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‘Run, hide, fight’: Police Chief talks about what to do when there’s an active shooter
David Marsh
Cumming Police Chief David Marsh hosted “Citizen Response to Active Shooter Environments,” a presentation on how individuals should respond during active shooter situations on Tuesday, Dec. 14 at Otwell Middle School. - photo by Kelly Whitmire

An active shooting can be one of the most dangerous and terrifying experiences possible, and Cumming Police Chief David Marsh said he wants to prepare people if they’re ever in that situation. 

On Tuesday, Dec. 14 at Otwell Middle School, Marsh hosted “Citizen Response to Active Shooter Environments,” a presentation on how individuals should respond during active shooter situations. 

“Most people are going to kind of conform to what the folks around them are doing, which is why it’s so important for you to be able to make a strong decision about the best way to maybe to get out or the best decision to make, that other people will then follow you and they can start becoming part of the solution instead of part of the problem,” Marsh said.

In intense moments, Marsh said people go into a “denial stage” struggling to make decisions and often following crowds or instructions.

He said instead of using a “human brain” to reason or explain away dangerous situations, such as many shooting victims saying they first believed gunfire to be something harmless like fireworks, they should use a “lizard brain” and go into fight-or-flight mode.

“If you guys have ever been around a lizard, if you step anywhere near that lizard what does it do? It scurries off,” Marsh said. “There’s no deliberation here, there’s no, ‘I wonder if that’s a threat or not a threat.”

Make plans before a dangerous situation, such as finding a second exit.

After denial is the deliberation stage to decide about how to respond, Marsh said, which includes a rising heart rate and adrenaline.

“What you have to do is pull that down a little bit, calm yourself, breathe,” he said. 

When deciding about how to respond to an active shooter, Marsh said people should remember ADD, for ‘avoid, deny, defend,’ or the phrase ‘run, hide, fight,’ each describing the order of actions one should take in a shooting.

“If you can’t get out, we’re going to deny,” he said. “We’re going to make it as hard for someone to get to us as possible. If there’s a secondary exit, let’s say we barricade our door and somebody has the bright idea, ‘Holy cow, there’s a window right there. Let’s break this window and get out of here.’ Well, we’ve denied and avoided right there. We’re 2-0.”

As an example, Marsh used his personal experience responding to the 2014 Forsyth County Courthouse shooting, where employees barricaded themselves in an office during the shooting.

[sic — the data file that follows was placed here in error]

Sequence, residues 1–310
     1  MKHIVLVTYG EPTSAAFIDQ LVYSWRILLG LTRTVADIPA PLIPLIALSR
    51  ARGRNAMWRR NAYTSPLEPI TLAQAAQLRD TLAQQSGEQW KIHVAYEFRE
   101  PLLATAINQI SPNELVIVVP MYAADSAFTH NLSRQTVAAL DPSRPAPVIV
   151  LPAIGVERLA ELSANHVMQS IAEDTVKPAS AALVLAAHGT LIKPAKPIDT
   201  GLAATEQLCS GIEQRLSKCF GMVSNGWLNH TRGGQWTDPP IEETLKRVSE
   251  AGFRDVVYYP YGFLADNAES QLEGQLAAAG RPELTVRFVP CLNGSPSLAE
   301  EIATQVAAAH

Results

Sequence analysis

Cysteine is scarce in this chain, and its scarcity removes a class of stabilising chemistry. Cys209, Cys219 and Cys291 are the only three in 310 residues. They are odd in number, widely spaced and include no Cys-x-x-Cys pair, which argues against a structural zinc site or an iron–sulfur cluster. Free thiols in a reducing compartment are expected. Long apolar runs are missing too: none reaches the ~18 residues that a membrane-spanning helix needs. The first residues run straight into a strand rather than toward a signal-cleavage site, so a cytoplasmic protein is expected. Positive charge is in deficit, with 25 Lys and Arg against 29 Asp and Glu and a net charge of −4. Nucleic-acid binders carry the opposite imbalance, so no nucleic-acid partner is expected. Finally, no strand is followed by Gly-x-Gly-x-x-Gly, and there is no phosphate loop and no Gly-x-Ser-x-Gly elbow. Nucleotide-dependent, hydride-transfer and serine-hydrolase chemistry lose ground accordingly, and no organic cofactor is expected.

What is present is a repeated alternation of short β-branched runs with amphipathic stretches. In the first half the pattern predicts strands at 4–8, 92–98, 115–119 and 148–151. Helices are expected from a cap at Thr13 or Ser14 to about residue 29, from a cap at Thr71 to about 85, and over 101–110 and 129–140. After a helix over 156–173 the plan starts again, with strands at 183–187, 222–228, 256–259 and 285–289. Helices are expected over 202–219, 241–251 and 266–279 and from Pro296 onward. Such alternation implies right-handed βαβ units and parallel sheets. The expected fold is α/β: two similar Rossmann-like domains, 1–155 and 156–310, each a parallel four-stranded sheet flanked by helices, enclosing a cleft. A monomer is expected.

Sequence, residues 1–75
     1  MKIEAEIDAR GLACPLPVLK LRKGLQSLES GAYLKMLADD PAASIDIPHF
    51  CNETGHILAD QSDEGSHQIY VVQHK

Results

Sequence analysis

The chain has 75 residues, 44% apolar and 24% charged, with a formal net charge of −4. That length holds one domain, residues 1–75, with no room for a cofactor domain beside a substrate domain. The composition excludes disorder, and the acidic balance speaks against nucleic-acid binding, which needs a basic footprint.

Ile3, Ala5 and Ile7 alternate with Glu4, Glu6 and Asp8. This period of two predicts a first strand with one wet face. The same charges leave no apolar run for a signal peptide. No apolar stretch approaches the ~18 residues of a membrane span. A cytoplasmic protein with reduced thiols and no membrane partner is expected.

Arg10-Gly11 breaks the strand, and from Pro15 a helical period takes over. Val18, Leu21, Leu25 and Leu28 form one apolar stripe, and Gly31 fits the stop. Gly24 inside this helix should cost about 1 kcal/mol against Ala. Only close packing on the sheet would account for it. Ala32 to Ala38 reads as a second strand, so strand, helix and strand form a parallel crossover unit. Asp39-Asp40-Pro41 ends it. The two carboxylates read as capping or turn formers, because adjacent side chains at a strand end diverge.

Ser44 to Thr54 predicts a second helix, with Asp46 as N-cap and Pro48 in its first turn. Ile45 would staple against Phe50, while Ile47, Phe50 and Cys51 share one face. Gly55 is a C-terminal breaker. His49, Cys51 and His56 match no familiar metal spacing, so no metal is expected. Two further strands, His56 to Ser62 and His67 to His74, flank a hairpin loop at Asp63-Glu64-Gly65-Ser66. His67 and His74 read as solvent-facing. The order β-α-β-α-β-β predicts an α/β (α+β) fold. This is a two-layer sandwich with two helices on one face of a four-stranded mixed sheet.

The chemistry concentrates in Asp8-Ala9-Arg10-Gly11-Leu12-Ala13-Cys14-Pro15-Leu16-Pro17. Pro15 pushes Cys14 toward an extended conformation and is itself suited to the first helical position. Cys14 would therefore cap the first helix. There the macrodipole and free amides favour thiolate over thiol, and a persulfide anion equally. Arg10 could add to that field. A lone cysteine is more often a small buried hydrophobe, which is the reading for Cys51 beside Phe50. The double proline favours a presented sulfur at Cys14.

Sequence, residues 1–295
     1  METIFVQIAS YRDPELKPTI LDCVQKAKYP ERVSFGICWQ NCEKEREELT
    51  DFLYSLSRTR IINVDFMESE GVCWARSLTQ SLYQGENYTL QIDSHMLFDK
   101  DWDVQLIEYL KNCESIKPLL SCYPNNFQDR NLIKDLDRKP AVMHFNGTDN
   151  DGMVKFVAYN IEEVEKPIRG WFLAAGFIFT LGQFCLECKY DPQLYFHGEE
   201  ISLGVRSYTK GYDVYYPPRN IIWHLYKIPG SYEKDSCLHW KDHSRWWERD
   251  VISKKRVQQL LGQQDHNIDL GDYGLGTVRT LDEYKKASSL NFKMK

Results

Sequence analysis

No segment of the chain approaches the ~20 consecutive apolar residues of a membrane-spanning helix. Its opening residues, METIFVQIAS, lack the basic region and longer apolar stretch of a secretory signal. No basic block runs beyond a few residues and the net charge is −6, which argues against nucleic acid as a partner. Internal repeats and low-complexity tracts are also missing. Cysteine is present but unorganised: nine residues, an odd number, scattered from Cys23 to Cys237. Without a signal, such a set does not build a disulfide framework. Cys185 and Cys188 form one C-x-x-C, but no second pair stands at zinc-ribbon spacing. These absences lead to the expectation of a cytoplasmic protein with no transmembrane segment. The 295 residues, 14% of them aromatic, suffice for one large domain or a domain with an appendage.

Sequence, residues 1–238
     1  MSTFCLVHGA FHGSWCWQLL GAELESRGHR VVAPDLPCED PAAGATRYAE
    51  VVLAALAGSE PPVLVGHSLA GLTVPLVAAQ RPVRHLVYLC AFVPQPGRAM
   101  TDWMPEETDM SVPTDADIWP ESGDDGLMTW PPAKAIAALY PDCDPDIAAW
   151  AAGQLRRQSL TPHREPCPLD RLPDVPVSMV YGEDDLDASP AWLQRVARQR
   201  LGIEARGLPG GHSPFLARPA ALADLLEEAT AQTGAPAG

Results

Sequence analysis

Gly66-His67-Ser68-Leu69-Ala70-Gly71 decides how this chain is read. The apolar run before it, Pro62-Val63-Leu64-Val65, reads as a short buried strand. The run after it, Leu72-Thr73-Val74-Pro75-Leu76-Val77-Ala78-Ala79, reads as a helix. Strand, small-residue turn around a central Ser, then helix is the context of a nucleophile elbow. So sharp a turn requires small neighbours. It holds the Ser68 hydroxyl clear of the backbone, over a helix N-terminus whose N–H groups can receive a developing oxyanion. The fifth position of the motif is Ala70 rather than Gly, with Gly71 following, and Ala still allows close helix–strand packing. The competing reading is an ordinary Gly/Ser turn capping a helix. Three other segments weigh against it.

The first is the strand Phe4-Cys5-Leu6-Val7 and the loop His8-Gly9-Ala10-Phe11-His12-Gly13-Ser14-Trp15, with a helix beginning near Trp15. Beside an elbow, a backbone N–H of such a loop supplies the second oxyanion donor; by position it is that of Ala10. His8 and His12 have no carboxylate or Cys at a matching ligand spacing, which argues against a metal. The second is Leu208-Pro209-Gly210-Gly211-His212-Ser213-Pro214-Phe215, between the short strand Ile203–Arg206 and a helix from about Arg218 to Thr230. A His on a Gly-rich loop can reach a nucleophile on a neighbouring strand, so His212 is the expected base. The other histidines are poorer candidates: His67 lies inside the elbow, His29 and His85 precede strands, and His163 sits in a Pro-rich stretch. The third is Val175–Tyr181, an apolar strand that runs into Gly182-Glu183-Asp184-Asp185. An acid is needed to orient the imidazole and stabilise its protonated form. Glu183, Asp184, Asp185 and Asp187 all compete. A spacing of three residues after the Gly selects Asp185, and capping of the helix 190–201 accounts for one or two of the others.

“It took a couple of us to pry that door open,” Marsh recalled. “No shame, good for them. They did a good job. That person, if he was going to get in that office, was going to really, really struggle, and that was a tough scene, there was a lot of people who were really, really scared… and for them, they did everything right.”

He also referenced the 2007 Virginia Tech shooting, when one class was able to break a window and escape the shooter with no injuries and another student, who was shot, played dead to avoid being shot again. 

Marsh said fighting an armed attacker is the last-case scenario and recommended waiting on police if possible, giving them any important information and following their directions.

“At the end of the day, when law enforcement gets there, their goal is, No. 1, to neutralize any active killer … they’re going to step over people who are injured, they are going to step over people who need medical help,” he said. “That’s a really tough thing to do, but at the end of the day though, our job is to neutralize that threat because we can’t effectively help people if more people are getting hurt.” 

He also recommended CPR and automated external defibrillator training to assist with injuries during emergencies.

In the aftermath of a shooting, Marsh recommended anyone involved to get professional help to deal with the event’s trauma.

Before wrapping up, Marsh also noted that in the presentation, the names of shooters were never used so as to not “glorify” their crimes.

“Most of these people who have done these things have done them with the expectation that they will be what? Famous,” he said. 

“So, we want to deny them that. We don’t want to talk about their names. We don’t want to give them credit. We want them to fade into the woodwork of history without anyone knowing who they are.”